Gov. Tom Corbett says he’ll make do with a late budget this year and possibly renege on his no-taxes campaign pledge.
“Given the difficulty of this budget, I have allowed — I have informed — the legislators, we need to get this done and we need to get it done right, rather than quickly,” said Corbett at a news conference Tuesday. “So, if we are not able to finish by June 30, we are not able to finish by June 30.”
Whenever lawmakers do start talking about the state spending plan, Budget Secretary Charles Zogby said higher taxes are on the table, including for Marcellus Shale natural gas drillers.
“I’m not ruling out a severance tax,” said Zogby. “You didn’t hear me rule out a severance tax.” A higher cigarette tax is also in the mix, he added. Many state lawmakers say tax hikes will be necessary to plug a $1.4 billion budget hole.
But Corbett said negotiations will take a backseat to two other longtime legislative priorities — overhauling public pensions and getting some kind of “liquor reform.”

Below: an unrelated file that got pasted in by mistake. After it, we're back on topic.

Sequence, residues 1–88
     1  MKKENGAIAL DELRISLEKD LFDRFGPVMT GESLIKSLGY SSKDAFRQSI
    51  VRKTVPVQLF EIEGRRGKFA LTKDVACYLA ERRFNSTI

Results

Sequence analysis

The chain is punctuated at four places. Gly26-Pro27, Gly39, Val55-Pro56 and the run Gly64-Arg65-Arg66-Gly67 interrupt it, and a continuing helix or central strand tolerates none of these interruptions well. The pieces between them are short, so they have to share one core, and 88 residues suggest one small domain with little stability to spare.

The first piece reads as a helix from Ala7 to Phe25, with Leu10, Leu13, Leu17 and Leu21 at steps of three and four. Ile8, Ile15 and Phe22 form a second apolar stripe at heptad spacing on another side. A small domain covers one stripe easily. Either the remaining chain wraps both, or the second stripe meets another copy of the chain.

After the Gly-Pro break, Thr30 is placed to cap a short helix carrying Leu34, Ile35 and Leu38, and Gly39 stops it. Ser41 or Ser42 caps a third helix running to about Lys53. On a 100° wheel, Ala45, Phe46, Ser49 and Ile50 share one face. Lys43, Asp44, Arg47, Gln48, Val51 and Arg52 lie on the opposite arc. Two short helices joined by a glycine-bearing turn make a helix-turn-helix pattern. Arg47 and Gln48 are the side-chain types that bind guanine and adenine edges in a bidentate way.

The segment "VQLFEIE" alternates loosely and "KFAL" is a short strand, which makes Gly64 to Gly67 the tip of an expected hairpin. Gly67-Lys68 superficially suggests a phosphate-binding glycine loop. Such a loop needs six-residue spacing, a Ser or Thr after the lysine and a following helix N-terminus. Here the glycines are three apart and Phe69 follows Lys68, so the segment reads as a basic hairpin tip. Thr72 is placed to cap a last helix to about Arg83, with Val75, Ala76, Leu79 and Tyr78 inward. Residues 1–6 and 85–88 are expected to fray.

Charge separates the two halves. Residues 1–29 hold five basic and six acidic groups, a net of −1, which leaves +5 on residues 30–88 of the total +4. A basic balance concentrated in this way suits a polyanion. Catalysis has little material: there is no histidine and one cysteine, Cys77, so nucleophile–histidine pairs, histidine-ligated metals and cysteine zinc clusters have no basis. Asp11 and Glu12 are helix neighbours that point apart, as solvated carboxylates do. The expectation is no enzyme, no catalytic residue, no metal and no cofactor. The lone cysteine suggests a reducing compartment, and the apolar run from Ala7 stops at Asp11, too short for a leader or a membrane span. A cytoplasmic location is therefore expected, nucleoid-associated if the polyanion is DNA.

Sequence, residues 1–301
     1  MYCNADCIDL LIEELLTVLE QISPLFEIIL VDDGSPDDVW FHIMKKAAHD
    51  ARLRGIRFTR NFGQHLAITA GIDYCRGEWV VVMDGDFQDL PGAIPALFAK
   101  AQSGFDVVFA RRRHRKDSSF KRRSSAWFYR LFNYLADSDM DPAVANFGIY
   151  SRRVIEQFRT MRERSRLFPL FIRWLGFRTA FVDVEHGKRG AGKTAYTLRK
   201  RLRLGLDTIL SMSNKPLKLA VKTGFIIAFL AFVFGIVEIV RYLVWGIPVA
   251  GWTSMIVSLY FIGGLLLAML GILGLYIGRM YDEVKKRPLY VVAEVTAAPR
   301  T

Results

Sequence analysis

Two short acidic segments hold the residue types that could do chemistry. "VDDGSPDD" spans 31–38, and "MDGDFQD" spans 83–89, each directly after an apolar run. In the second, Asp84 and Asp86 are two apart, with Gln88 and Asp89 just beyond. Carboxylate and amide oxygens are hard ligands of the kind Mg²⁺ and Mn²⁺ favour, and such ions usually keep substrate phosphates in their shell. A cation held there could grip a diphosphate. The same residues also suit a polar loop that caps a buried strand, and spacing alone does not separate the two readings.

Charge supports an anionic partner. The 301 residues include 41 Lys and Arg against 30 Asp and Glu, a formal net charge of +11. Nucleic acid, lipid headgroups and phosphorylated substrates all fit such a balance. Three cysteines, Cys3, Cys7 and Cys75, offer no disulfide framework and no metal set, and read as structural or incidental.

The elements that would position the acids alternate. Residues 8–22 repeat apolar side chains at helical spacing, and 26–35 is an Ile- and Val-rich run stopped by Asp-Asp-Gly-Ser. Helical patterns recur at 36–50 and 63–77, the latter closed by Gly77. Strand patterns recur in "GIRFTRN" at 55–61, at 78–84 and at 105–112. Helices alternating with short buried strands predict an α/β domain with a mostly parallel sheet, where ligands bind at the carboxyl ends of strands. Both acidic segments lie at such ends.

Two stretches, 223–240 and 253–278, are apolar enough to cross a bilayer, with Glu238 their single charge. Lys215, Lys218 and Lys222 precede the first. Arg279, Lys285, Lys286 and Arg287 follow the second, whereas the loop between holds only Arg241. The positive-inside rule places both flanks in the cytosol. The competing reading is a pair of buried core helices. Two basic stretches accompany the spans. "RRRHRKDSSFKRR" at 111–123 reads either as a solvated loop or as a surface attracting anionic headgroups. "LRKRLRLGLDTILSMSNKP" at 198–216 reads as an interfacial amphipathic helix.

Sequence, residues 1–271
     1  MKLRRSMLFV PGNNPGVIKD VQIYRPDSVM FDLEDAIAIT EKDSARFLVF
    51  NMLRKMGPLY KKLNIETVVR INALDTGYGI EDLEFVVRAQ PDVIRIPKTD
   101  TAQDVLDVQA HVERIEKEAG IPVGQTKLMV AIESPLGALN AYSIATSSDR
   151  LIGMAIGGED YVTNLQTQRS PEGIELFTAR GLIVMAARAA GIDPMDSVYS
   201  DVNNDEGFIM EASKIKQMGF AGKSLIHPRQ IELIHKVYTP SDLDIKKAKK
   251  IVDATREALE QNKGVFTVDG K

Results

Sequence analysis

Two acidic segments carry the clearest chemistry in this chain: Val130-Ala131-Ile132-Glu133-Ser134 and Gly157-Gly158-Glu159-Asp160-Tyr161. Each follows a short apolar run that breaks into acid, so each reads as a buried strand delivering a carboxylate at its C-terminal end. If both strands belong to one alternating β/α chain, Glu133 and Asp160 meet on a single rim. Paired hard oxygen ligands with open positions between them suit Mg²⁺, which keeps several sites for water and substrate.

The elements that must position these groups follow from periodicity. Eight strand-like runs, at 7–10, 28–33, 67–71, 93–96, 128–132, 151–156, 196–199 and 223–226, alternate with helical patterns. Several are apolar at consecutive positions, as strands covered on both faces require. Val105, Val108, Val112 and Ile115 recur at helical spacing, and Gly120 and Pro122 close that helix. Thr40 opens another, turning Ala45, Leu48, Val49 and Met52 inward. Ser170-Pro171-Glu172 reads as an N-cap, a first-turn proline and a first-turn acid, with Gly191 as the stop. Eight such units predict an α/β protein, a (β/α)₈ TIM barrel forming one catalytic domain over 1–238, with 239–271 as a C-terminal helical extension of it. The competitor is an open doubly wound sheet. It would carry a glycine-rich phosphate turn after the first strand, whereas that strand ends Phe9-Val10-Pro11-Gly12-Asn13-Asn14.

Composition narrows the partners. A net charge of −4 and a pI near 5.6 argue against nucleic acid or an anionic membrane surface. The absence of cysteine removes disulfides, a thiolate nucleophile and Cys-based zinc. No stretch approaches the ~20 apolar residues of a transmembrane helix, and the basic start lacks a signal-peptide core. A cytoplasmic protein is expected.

The pensions bill is stuck in the House, and Corbett asked people to call their state representatives to ask for "yes" votes.
“We have time on this,” Corbett said. “But those who are sitting on the fence and waiting to see what happens, we need you to act, and we need you to act now.”
He added that he may accept something less than total privatization of the state liquor stores, which appears to be a non-starter in the state Senate.
“We have an open mind,” Corbett said. “We need to get something done.”
The governor has touted his past three budgets as on-time – though critics say some spending plans were technically late.
The change in tactic left House Democratic spokesman Bill Patton criticizing the governor’s remarks as “shockingly short on specifics.”
“He’s delegating all the decision-making to others,” Patton said.